Belgium's shoddy political record poses financial threat

Belgium's shoddy political record poses financial threat

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Without a government for nearly seven months, Belgium now holds a dubious record in Europe and with no end in sight to the political crisis, fears are growing of a backlash from watchful markets.

BRUSSEL - The divided country on Saturday broke the 208-day mark set by the Netherlands in 1977 for being without a government after a bid to coax feuding Flemish and French-speaking politicians back to the negotiating table failed.

All eyes will turn to King Albert II on Monday when he decides whether to accept the resignation tendered by his mediator, Flemish socialist Johan Vande Lanotte, whose compromise plan to revive coalition talks was rejected.

With the political fog thickening, Belgium could beat Iraq's ignominious 2009 world record of 289 days without a cabinet if it fails to form a new government by March 30.

The clock is also ticking on the financial side, however, as investors demand higher interest rates to lend money to Belgium despite the country's good reputation on the sovereign bond market.

"When you are trying to attract foreign investors, this political crisis is anything but an asset," Pascal Delwit, a political science professor at Universite Libre de Bruxelles, told AFP.

A top official at the Belgian Debt Agency said the political deadlock had raised the yield or rate of return Belgium must pay to investors by 20 basis points, the equivalent of 80 million euros (104 million dollars).

"The markets are following the political situation in Belgium," said Jean Deboutte, the agency's director of risk management and investor relations.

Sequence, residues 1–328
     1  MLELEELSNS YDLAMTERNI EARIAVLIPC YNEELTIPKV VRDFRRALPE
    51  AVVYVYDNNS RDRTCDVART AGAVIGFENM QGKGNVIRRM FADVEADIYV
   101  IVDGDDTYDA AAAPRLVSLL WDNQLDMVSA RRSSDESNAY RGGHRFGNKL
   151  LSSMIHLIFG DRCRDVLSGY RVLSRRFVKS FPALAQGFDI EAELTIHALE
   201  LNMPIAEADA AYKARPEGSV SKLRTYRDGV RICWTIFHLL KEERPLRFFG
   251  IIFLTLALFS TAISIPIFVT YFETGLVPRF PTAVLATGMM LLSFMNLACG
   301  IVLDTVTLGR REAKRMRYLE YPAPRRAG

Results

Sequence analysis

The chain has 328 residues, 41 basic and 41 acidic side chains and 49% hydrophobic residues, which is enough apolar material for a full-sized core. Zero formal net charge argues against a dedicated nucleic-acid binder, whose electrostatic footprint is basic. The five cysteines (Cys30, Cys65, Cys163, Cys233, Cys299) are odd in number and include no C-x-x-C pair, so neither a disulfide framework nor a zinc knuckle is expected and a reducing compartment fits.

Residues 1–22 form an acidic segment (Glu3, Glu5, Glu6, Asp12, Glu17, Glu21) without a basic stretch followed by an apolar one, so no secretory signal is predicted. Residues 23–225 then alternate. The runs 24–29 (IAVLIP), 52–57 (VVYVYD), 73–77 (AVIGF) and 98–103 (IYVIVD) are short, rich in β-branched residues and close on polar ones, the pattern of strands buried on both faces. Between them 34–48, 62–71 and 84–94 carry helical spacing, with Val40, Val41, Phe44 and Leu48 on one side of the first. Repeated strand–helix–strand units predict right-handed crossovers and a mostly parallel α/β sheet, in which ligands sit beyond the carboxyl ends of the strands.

The country's public deficit is much lower than in weaker eurozone countries such as Ireland and Greece, which were massacred by the markets last year, forcing the two to receive multi-billion-euro EU-IMF bailouts.

But with debt hovering just below the 100-percent mark of GDP, ratings agencies and Belgium's central bank have warned of a potential threat from financial markets if politicians fail to strike a deal any time soon.

The caretaker finance minister, Didier Reynders, warned last month that Belgium would face the wrath of speculators if no action is taken to cut spending in the first three months of the year.

"I not only fear but I am sure that speculators will attack Belgium if in the first quarter ... decisions are not taken by a new government or the current (administrative) government," he told a television programme.

Debt ratings agency Standard & Poor's warned Belgium on December 14 that it could cut the country's credit score within six months if a government was not quickly formed, a move that would push its borrowing costs higher.

Belgium, host to NATO headquarters and the European Union's de facto capital in Brussels, has been in political crisis on and off since 2007 as nationalist sentiment grows in Flanders.

Hopes of a quick resumption of negotiations were dashed Thursday when the independence-minded New Flemish Alliance (N-VA), the top vote-getter in June 13 elections, raised objections to the Vande Lanotte plan, which would give regions more power over the public purse.

The N-VA, which represents the wealthier 6.2 million Dutch speakers in Flanders, complains of footing the national bill for the 4.5 million francophones living in the rust belt of Wallonia and wants more autonomy.

The strength of the Belgian economy, which is expected to post growth of 2.1 percent for 2010, has given it the luxury of living without a new government for more than 200 days, Delwit said.

"It is embarrassing but thankfully the economic fundamentals allow this," he said. "The risk is that at some point the fundamentals could deteriorate."

AFP/Expatica /Laurent Thomet

1 Comment To This Article

  • David Baeckelandt posted:

    on 12th January 2011, 12:34:16 - Reply

    The slant of this article is that Flemish nationalists are at fault for the economic problems of Belgium. The reality is that Flanders - with 59% of the population - produces 75% of Belgium's GDP and pays 80% of the taxes. The French-speaking parts of Belgium (Wallonia) depend on tax transfers from Flanders to support their welfare state regimes. The Flemish man/woman-in-the-street are simply tired of the fact that they endure crippling taxation to de facto support someone else's leisure lifestyle. It is as simple as that.

    The Flemish politicians want economic reform. The French-speakers are unwilling to give up anything. Moreover, the French-speakers have a permanent veto on any political decision. Which means that "one man, one vote" democracy does not exist in Belgium.